Rachel Elizabeth Delisle, 30, was killed at around 5PM on Saturday, 2/15/14, in Jacksonville, North Carolina, at the Highways 258 and 53 intersections, where Burgaw and Richlands Highway meet, when her 2001-2007 Toyota Sequoia was t-boned by a 2006-era Hyundai Sonata driven by Saquan Nelson, 24, with Darius Williams, 16, and Jonathan Cooper, 25, as vehicle passengers. All four adults were killed. The only survivor was Gabriel Delisle, the 6-month-old son of Rachel. Rachel was married to Lt. Jason Deslile, and they had three children together, all boys.
Per police reports, the Sonata was traveling at close to 100 mph in a zone with a 45 mph speed limit. Per witnesses, the vehicle had been weaving through traffic before it entered NC 53 in the wrong lanes. The driver ran a red light and impacted the passenger side of the Sequoia. Both vehicles flew to the other end of the intersection, and the Sonata was split in half by a pole. There was only one survivor: the 6-month-old securely strapped into his car seat, which police credited with saving his life. He received a few bruises and cuts but was otherwise fine.
This is another sad case resulting from speeding, which is implicated in 1 out of every 3 auto deaths in the US. It is also a fatality that resulted from a failure to yield at a red light. It is unclear why Nelson was speeding.
The 2001-era Sequoia weighs ~5100 lbs and does not have any kind of side score from the NHTSA or IIHS. It comes with head and torso side airbags in the front seats. The 2006 Sonata weighs ~3535 lbs and comes with a “good” frontal score.
Given the likely speeds of the collision (100 mph, or 55 mph above the 45 mph PSL), the collision likely imparted at least 1.6MJ of energy into the Sequoia / Sonata. The standard side impact test simulates 143KJ of energy (a 3300-lb sled impacting a vehicle at 31 mph). In other words, the Sequoia faced 1119% of the force it would have experienced in the types of crashes cars are side rated for. Besides that, it didn’t have a side rating, which means it was not designed to adequately protect occupants from the standard simulation. It is sadly understandable that the mother succumbed to these forces. Similarly, the men in the Sonata experienced 625% of the force their vehicle was designed to safely sustain (256KJ), which made their deaths inevitable. In the end, this was a completely needless collision that claimed four lives needlessly.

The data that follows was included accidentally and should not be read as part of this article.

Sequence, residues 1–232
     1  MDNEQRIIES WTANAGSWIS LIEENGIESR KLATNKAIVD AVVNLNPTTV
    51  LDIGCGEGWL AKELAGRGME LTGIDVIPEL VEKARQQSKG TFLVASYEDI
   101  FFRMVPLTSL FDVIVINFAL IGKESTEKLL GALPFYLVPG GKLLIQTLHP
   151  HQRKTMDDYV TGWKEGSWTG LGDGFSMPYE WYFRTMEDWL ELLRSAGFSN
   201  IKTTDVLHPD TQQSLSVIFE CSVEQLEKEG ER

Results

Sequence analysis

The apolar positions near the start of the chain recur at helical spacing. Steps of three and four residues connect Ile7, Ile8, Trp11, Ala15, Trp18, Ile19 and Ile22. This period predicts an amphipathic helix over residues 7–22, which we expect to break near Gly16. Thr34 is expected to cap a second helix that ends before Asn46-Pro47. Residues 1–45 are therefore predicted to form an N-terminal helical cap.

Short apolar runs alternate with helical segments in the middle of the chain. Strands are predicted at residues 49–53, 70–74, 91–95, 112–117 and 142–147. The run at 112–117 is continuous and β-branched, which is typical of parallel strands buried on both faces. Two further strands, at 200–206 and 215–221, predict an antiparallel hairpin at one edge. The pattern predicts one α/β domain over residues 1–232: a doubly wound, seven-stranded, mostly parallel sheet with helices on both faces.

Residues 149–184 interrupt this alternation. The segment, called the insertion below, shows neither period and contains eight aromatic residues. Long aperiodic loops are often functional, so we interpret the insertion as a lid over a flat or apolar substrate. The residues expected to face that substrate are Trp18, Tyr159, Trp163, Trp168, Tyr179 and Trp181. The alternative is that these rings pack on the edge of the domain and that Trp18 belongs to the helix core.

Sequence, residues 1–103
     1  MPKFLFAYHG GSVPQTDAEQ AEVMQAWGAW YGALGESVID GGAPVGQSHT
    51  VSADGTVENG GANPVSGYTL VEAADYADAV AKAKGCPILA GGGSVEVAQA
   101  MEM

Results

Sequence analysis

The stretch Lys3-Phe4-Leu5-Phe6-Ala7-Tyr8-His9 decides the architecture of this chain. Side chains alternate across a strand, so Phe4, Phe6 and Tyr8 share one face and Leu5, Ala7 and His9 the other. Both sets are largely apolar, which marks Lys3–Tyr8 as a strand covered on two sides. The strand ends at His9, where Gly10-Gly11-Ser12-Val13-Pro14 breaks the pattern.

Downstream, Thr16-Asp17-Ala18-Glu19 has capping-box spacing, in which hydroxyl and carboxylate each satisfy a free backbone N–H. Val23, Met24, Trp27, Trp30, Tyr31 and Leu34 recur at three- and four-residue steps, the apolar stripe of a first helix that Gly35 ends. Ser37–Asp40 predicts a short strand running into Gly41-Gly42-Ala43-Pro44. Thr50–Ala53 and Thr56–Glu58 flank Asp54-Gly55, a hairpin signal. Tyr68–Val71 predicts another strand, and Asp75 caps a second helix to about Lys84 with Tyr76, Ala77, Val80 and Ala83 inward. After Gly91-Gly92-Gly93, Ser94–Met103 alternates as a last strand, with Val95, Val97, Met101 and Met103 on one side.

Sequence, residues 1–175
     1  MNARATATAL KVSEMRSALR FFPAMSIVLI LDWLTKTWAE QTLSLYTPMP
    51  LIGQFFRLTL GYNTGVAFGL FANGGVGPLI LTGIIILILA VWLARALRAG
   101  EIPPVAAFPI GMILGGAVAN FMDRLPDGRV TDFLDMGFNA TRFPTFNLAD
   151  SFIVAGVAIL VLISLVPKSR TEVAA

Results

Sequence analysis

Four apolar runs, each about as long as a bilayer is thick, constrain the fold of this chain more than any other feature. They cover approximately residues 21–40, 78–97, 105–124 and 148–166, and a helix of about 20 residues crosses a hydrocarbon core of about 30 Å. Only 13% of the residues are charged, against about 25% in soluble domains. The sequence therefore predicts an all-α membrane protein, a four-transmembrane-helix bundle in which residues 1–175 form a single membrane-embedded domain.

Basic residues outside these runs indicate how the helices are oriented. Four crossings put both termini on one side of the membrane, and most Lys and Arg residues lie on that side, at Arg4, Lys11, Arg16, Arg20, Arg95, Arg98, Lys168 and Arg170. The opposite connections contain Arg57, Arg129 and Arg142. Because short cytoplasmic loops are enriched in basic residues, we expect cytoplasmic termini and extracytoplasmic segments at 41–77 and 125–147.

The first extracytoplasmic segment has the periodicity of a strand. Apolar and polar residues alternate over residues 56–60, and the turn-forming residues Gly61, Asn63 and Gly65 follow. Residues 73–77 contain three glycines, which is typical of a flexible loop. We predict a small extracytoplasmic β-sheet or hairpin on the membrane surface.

The part of this story that speaks to me most, however, is the survival of her son. Despite the unimaginably high forces imparted upon the vehicle and the severe degree of structural intrusion visible in the photos above, the child lived. Why?
I’ve written before extensively about the importance of choosing the right car seat and properly restraining children, and this is a textbook example of the advantage properly-restrained children have, even in severe collisions. Gabriel was restrained in a rear-facing car seat, which was both the law for children his age and best practices for children up to at least 4. Properly restrained children can survive crashes that would otherwise be unsurvivable.
This is another sad example of how the rear-facing and properly installed car seat can turn into the orphan seat in a severe collision. Fortunately, Gabriel will still have a father and two siblings to grow up with. It’s a tragedy, however, that his siblings are left without a mother, and his father without his best friend.
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